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Today's Stichomancy for Ambrose Bierce

The first excerpt represents the element of Air. It speaks of mental influences and the process of thought, and is drawn from Main Street by Sinclair Lewis:

but always at the end it gave a lively metallic clang, and in the stillness she heard the flump of the cut stick falling on the pile.

She threw a motor robe over her, ran out. Bjornstam welcomed her, "Well, well, well! Here's old Miles, fresh as ever. Well say, that's all right; he ain't even begun to be cheeky yet; next summer he's going to take you out on his horse-trading trip, clear into Idaho."

"Yes, and I may go!"

"How's tricks? Crazy about the town yet?"

"No, but I probably shall be, some day."

The second excerpt represents the element of Fire. It speaks of emotional influences and base passions, and is drawn from Essays of Travel by Robert Louis Stevenson:

down about the shoulders of the hill in wide folds, instead of lying flatly along the summit. The trees grew so close, and their boughs were so matted together, that the whole wood looked as dense as a bush of heather. The prevailing colour was a dull, smouldering red, touched here and there with vivid yellow. But the autumn had scarce advanced beyond the outworks; it was still almost summer in the heart of the wood; and as soon as I had scrambled through the hedge, I found myself in a dim green forest atmosphere under eaves of virgin foliage. In places where the wood had itself for a background and the trees were massed together thickly, the colour became intensified and almost gem-like: a perfect fire green, that seemed none the less

The third excerpt represents the element of Water. It speaks of pure spiritual influences and feelings of love, and is drawn from Maria, or the Wrongs of Woman by Mary Wollstonecraft:

regulations, which were generally settled before he rose, or a walk, gave a glow to my countenance, that contrasted with his squallid appearance. The squeamishness of stomach alone, produced by the last night's intemperance, which he took no pains to conceal, destroyed my appetite. I think I now see him lolling in an arm-chair, in a dirty powdering gown, soiled linen, ungartered stockings, and tangled hair, yawning and stretching himself. The newspaper was immediately called for, if not brought in on the tea-board, from which he would scarcely lift his eyes while I poured out the tea, excepting to ask for some brandy to put into it, or to declare that he could not eat. In answer to any question, in his best humour,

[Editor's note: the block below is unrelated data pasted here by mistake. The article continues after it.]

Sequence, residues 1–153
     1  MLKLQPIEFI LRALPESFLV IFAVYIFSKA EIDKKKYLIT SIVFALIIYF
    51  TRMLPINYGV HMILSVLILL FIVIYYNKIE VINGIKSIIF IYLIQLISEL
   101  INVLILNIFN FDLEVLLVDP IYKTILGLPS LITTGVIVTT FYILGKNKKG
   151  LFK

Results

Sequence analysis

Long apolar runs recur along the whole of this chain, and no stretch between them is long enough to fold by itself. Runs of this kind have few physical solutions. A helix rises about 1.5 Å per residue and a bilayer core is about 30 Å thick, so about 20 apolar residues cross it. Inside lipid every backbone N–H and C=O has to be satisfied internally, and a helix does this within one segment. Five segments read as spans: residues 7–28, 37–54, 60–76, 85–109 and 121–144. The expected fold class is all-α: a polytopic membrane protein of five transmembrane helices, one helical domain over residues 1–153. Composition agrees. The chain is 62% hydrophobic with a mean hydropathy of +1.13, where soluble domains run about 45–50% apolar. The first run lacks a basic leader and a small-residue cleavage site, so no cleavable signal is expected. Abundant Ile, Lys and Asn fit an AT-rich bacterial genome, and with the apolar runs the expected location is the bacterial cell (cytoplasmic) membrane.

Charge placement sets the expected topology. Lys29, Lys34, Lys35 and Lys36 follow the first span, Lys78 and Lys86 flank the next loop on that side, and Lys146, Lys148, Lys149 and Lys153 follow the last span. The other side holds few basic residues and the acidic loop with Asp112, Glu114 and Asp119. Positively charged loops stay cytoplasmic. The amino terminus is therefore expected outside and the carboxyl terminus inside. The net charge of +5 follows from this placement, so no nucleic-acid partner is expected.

The fourth excerpt represents the element of Earth. It speaks of physical influences and the impact of the unseen on the visible world, and is drawn from Long Odds by H. Rider Haggard:

blankets for the sake of such a worthless old creature. 'Why did I not leave her in the bush?' he asked. Those people carry the doctrine of the survival of the fittest to its extreme, you see.

"It was the night after I had got rid of the old woman that I made my first acquaintance with my friend yonder," and he nodded towards the skull that seemed to be grinning down at us in the shadow of the wide mantelshelf. "I had trekked from dawn till eleven o'clock--a long trek--but I wanted to get on, and had turned the oxen out to graze, sending the voorlooper to look after them, my intention being to inspan again about six o'clock, and trek with the moon till ten. Then I got into the waggon and had a good sleep till half-past two or so in the


Long Odds